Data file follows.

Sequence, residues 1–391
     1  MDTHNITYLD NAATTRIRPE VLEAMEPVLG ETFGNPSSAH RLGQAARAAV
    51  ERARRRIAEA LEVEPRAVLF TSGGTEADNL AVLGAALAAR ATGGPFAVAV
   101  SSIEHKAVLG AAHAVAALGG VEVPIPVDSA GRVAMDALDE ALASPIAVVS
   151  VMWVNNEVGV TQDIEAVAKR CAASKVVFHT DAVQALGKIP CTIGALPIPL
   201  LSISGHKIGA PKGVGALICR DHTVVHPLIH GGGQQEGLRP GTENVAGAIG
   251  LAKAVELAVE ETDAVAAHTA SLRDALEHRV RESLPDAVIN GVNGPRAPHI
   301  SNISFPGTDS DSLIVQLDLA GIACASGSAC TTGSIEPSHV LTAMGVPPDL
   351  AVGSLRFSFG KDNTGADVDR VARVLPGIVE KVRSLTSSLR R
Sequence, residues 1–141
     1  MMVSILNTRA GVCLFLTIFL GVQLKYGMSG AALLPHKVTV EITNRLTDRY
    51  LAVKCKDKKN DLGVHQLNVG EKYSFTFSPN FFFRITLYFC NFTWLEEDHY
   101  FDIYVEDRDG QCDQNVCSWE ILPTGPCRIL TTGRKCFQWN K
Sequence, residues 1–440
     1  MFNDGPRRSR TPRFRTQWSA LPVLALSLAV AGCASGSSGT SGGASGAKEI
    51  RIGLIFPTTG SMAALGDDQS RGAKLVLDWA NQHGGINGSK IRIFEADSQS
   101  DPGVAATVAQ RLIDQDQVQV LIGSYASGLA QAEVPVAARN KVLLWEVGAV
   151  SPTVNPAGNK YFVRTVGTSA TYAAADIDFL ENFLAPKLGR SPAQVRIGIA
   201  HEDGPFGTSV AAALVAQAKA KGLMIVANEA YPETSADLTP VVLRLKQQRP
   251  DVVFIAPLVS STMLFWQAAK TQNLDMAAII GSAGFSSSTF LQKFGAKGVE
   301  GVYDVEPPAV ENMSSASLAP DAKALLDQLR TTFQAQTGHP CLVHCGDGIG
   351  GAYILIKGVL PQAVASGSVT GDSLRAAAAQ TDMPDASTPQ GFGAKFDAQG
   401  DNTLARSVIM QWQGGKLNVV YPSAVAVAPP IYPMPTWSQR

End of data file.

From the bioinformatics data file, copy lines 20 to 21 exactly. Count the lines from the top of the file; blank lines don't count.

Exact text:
   251  DVVFIAPLVS STMLFWQAAK TQNLDMAAII GSAGFSSSTF LQKFGAKGVE
   301  GVYDVEPPAV ENMSSASLAP DAKALLDQLR TTFQAQTGHP CLVHCGDGIG